The importance of the decisions of the Delaware Court of Chancery and Supreme Court in AB Stable to M&A practice are hard to overstate. Simply put, the decisions provide a deep dive into the interpretation and application of ordinary course covenants to a degree previously unseen.

That said, AB Stable left a significant question unanswered: when might an obligation to comply with law or government guidelines be read into an ordinary course undertaking otherwise silent on the point?

This question recently came squarely before the High Court of Australia (“HCA”), that country's highest and final court of appeal. We explore the decision, including the overlap between the HCA's ruling and the arguments advanced, but ultimately left undecided, in AB Stable. We also compare notes with relevant Canadian M&A caselaw to provide practical takeaways for M&A counsel.

Ordinary Course and Compliance with Law in AB Stable

As is well known, in AB Stable the Delaware courts concluded that, although the seller's significant curtailing of operations at the target hotels was a reasonable response to the COVID-19 pandemic, these rollbacks were nonetheless outside of the ordinary course as measured by the target's past practice, and accordingly breached the ordinary course covenant in the purchase agreement.

An important question left undecided by the courts, however, was the relationship between an undertaking to operate in the ordinary course and compliance with applicable law. The seller argued it was contractually obligated to depart from the ordinary course given that it had represented that the target's business was being conducted in accordance with law. Specifically, the seller argued this representation created an implied duty to continue to operate the business in accordance with law to ensure that the representation remained correct.

The Court of Chancery ultimately held that this argument had been waived as it was only raised in a cursory manner (a single sentence!) in the seller's post-trial briefs, and because of this finding of waiver the point was not addressed by the Supreme Court on appeal. Nonetheless, the Court of Chancery did provide some initial commentary, describing the question as a “difficult issue” with “credible and contestable” arguments on either side.1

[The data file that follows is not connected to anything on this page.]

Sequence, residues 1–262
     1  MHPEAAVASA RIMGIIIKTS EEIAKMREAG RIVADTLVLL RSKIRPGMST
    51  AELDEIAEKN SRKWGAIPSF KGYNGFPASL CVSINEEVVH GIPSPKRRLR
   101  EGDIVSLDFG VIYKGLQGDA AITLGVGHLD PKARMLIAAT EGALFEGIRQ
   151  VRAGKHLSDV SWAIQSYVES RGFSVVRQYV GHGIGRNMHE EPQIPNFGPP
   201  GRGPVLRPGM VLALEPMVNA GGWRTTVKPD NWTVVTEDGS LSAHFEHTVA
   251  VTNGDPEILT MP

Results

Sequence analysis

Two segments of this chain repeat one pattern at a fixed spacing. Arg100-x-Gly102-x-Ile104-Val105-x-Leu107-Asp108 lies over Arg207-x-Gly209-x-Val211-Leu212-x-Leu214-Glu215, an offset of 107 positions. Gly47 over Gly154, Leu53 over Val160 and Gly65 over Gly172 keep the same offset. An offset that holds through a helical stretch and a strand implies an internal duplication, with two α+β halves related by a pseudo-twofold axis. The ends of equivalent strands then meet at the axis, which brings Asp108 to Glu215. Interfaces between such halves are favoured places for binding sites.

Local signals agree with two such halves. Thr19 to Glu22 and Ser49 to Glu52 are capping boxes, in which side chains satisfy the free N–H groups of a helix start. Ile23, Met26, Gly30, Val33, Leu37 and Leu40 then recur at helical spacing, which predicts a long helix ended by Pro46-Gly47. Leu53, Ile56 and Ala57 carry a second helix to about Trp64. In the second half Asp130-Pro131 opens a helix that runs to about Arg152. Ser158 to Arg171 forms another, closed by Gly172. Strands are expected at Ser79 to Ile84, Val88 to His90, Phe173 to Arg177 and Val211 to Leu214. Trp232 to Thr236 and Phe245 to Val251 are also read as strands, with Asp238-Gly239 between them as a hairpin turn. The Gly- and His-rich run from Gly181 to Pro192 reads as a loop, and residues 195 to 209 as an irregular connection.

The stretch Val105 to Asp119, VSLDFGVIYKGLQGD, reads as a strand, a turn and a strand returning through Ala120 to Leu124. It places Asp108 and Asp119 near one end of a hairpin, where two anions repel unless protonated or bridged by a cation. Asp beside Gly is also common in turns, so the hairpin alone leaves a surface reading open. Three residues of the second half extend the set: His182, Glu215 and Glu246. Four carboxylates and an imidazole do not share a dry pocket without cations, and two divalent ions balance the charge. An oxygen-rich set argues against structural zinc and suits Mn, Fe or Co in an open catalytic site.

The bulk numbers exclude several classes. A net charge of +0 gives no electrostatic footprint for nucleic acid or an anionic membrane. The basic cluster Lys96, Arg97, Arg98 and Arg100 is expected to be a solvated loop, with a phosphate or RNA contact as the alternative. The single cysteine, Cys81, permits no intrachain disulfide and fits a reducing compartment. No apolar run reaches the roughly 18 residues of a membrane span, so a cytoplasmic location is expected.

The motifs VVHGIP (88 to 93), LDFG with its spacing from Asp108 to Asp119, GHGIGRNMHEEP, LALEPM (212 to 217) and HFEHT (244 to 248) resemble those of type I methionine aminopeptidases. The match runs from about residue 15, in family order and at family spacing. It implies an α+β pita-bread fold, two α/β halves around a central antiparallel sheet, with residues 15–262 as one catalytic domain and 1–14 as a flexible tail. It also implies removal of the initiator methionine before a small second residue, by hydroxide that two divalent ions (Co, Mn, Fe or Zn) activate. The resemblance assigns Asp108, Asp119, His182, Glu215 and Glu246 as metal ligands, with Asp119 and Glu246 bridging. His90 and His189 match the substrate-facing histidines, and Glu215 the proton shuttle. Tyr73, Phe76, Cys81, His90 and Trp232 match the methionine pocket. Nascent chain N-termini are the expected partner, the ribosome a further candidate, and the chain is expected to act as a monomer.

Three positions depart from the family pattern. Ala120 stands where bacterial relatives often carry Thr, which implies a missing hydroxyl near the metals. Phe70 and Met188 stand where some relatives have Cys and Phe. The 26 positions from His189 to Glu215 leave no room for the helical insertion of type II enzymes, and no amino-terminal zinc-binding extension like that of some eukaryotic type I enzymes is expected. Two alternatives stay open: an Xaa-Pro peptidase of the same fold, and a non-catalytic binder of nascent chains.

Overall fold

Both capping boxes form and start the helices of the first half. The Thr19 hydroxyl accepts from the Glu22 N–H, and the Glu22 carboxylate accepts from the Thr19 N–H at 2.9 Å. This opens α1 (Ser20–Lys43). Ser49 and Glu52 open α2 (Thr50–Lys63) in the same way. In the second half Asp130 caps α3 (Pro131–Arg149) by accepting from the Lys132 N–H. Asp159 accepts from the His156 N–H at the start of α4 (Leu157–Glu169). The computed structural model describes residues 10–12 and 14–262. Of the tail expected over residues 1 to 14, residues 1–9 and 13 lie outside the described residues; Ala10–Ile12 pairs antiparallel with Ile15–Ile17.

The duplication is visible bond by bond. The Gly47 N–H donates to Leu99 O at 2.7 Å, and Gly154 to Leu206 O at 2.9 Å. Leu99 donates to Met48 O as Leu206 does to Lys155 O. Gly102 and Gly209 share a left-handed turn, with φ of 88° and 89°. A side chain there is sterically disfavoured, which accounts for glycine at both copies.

On the one hand, the Court acknowledged that had a governmental authority issued an order requiring the closure of the target hotels entirely, the seller's obligations under the ordinary course covenant itself would have been discharged. For the Court, this was not driven by the seller's representation that the target business was being conducted in accordance with law, but simply by the fact that the seller could not be required to perform an illegal contract.

On the other hand, the closing conditions (to be distinguished from the ordinary course covenant) had allocated to the seller the risk of target conduct outside the ordinary course. Stated differently, the closing conditions gave the buyer the ability not to close where the target had deviated from the ordinary course for any reason. For the Court, this did not “raise the same issues” as the question of compliance with the ordinary course covenant and only involved “a risk whose materialization the parties anticipated, and a contractual consequence that follows as a result.”2 There was a “legitimate” argument that, so far as the closing condition was concerned, the question was solely “whether the business failed to operate in the ordinary course, not why it failed to do so.”3

Ordinary Course and Compliance with Law in Laundy Hotels

In Laundy Hotels, the HCA recently addressed similar arguments. The target was a bar and restaurant business, and as in AB Stable the purchase agreement was executed pre-pandemic with a closing date (that would prove to be) shortly into the pandemic. The seller was forced by public health measures to curtail operations to take-out only. The buyer argued this was a breach of the seller's undertaking to run the business in the “usual and ordinary course” and refused to close.

The HCA found for the seller and key to its ruling was that the business assets being acquired included the license allowing the restaurant to operate under applicable liquor legislation. Reading the purchase agreement as a whole, the HCA seized on the fact that the “business” was partly defined as “operating pursuant to the license.”4 Also significant was that the seller had warranted the “past, current, and anticipated future lawful operation of the [business]” under the license and that another warranty acknowledged the requirements for the lawful operation of the business were variable over time.5 For the Court, this all meant that a reasonable third party observer would have understood the “usual and ordinary course” undertaking to require compliance with law, including as without the license “there would be no ‘Business.' ”6